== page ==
Rights groups in Thailand believe that the number of Burmese migrants entering Thailand has steadily increased over the years due to life security and economic hardships. A majority of these migrants are not registered. Alongside the increasing numbers of migrants entering Thailand, there has also been a dramatic increase in the cases of human trafficking. It is estimated that approximately 1 – 2 million Burmese migrants live and work in Thailand, although there is currently no official census data on this population.

Statistics from Burma (Myanmar) stated that 1,344 trafficking victims have been rescued from 594 cases between 2005 and September 2010 and 1,690 traffickers have been charged in these cases. These are the official figures and since many cases go unreported or unseen by authorities, they fall drastically short of the true numbers of victims of trafficking. Burma’s continued economic mismanagement and the unavailability of job opportunities pushes more Burmese to migrate into neighboring countries, where they may become prey to human traffickers. Thai human rights and labor rights groups acknowledge that the towns along the Thai/Burma border such as Ra Noung, Mae Sai and Mae Sot are central hubs for human trafficking.

Mae Sot is considered one of the primary destination and transit points for human trafficking; being the cheapest route from Burma into Thailand, it is used most by the agents/traffickers. There have been numerous cases of death among trafficked victims along the border areas, and particularly in the Tak Province, due to inhumane transporting conditions, dangerous or poorly maintained vehicles and boats, overcrowding, and violence enacted by traffickers, among other reasons.

Transporting people from Myawaddy Township (Burma) to Phop Phra (in Thailand 42kms from Mae Sot) has become the most common route used by the traffickers. Myawaddy Township is a major transit point for traffickers. There is evidence of involvement by the ethnic armed group, DKBA, as well as Burmese and Thai authorities. Multiple reports from migrants indicate that there is a holding area in Myawaddy where people deported from Thailand are kept. There can be up to 100 people imprisoned there at any given time according to these reports. An individual has to pay 2000 Thailand Baht to be released. If, as in many cases, they cannot afford this, traffickers will pay to have them released and transport and sell back in Thailand. These people are sold/re-trafficked in Mae Sot and Phop Phra, Bangkok and sometimes within Burma into a variety of sectors: as housemaids, low wage labor in factories or agricultural areas, as sex-workers, to fishing boats, or sold or exchanged for commodities to Burmese army (child soldiers, porters, and others).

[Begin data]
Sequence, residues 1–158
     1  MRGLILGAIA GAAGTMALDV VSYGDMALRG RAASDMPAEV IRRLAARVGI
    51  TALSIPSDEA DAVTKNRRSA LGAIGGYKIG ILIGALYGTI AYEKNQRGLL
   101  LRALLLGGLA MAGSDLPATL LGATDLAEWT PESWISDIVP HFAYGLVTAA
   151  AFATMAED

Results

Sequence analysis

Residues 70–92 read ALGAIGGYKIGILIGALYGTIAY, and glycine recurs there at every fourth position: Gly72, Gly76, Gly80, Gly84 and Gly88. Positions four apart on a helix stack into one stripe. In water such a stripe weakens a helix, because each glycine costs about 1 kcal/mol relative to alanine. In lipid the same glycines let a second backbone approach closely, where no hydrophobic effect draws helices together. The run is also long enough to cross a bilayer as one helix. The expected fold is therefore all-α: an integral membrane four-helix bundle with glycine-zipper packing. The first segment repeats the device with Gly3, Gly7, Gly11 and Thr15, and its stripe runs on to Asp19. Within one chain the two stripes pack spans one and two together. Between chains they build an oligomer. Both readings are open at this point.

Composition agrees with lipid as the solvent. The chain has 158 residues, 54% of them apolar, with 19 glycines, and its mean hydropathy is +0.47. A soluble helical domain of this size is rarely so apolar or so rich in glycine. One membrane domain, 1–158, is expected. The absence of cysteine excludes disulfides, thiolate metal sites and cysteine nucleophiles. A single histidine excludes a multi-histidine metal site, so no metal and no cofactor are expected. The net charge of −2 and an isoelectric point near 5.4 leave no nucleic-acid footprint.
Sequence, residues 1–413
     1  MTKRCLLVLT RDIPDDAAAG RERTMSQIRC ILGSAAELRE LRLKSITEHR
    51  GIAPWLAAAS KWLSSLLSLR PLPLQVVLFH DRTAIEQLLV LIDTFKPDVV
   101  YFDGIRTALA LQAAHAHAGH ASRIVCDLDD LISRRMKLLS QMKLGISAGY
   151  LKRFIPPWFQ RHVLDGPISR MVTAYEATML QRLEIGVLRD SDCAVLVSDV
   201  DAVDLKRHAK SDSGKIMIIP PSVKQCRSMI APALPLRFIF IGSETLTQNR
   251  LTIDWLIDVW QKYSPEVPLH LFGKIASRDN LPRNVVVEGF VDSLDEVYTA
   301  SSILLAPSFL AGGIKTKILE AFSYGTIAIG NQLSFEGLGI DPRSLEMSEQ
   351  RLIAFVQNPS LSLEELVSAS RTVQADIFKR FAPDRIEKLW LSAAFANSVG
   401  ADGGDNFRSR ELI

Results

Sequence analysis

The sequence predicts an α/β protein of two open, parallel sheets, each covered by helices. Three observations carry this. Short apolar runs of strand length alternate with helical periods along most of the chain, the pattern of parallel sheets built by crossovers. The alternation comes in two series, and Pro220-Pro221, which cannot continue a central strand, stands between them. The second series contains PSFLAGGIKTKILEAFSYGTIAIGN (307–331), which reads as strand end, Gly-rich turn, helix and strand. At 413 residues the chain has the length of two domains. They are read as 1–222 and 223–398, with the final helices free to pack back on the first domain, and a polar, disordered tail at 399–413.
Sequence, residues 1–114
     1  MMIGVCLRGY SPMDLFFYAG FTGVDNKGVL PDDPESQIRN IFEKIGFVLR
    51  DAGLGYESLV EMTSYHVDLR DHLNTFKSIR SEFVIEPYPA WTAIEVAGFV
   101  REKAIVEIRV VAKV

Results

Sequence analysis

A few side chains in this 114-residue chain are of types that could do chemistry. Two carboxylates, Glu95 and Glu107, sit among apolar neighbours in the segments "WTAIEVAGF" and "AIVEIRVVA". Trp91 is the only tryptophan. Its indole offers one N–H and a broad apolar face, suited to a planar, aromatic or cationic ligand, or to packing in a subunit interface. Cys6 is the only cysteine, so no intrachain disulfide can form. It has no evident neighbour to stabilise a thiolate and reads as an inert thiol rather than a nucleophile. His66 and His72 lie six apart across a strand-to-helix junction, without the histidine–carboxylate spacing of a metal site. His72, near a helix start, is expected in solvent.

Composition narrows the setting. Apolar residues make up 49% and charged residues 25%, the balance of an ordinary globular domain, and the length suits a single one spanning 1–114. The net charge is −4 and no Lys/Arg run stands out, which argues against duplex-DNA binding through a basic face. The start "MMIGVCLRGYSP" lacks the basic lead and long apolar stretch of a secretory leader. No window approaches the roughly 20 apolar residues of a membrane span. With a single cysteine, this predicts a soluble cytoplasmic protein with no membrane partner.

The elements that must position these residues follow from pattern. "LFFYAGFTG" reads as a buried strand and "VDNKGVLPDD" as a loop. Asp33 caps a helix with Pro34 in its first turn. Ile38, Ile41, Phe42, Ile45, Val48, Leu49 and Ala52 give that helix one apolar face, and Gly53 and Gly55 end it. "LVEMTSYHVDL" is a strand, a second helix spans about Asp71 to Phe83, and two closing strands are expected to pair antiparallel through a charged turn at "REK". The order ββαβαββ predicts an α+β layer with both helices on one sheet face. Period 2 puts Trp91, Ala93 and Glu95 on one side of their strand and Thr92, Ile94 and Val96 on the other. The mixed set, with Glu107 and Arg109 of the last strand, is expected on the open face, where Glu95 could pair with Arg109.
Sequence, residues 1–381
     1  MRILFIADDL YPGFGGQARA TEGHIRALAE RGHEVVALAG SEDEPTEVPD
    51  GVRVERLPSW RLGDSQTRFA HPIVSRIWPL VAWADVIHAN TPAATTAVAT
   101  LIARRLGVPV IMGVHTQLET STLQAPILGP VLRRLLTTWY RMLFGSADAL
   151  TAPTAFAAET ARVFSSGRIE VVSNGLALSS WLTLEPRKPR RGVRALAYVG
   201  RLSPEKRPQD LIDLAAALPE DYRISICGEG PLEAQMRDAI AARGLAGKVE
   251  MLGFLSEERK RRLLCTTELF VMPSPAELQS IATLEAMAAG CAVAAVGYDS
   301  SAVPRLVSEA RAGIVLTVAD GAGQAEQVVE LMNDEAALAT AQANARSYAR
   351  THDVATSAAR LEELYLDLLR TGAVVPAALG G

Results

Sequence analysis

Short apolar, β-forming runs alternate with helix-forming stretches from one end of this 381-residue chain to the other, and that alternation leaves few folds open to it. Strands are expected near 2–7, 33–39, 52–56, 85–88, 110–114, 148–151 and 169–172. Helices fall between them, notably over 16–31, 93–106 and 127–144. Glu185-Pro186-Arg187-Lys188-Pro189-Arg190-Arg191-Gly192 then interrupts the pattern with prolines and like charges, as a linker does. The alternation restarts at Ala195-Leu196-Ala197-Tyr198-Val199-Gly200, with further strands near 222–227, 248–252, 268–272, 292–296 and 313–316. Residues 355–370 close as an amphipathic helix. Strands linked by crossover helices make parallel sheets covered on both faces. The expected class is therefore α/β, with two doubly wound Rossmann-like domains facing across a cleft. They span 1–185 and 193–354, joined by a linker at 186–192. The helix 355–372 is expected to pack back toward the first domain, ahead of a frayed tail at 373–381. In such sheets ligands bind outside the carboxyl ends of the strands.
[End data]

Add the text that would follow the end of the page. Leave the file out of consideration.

Little or no help has been offered to the victims of trafficking from both governments. SAW has therefore taken the responsibility to develop a multi-sector response to victims of trafficking – men, women and children. This program seeks to 1) respond to the immediate needs of survivors of trafficking; 2) offer services to enhance their quality of life and access to justice; 3) provide services to improve long term livelihoods prospects; 4) reunify them with their families in cases where it is safe and the client wants to return; and, 5) to improve knowledge and awareness of rights to make them active agents in their future safety.

There are two main projects in the Gender Protection Program: Green Hope Shelter and Family Reunification. Under Green Hope, SAW has the support services mentioned above. Both of these projects link up with SAW’s other programs including the Health Program, Child Protection Program, Income Generation Program, Education Program and Community Outreach Program. SAW’s programs are all interlinked and in this way, provide a comprehensive response to the complex needs of survivors of trafficking and other SAW constituents.

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